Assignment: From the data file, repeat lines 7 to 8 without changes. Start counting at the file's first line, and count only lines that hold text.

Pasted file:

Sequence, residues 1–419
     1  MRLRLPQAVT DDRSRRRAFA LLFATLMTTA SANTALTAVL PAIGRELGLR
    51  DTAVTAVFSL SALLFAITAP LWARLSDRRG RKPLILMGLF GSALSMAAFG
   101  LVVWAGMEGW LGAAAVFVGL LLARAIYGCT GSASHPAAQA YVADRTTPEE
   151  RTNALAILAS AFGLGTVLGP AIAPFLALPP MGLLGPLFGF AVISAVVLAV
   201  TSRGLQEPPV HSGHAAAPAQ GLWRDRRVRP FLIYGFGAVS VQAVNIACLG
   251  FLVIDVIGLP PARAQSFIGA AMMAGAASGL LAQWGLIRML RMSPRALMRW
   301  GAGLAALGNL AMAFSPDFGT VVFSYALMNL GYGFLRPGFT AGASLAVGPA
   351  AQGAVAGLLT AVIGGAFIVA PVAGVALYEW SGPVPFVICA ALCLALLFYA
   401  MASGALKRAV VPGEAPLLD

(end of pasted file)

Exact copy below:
   251  FLVIDVIGLP PARAQSFIGA AMMAGAASGL LAQWGLIRML RMSPRALMRW
   301  GAGLAALGNL AMAFSPDFGT VVFSYALMNL GYGFLRPGFT AGASLAVGPA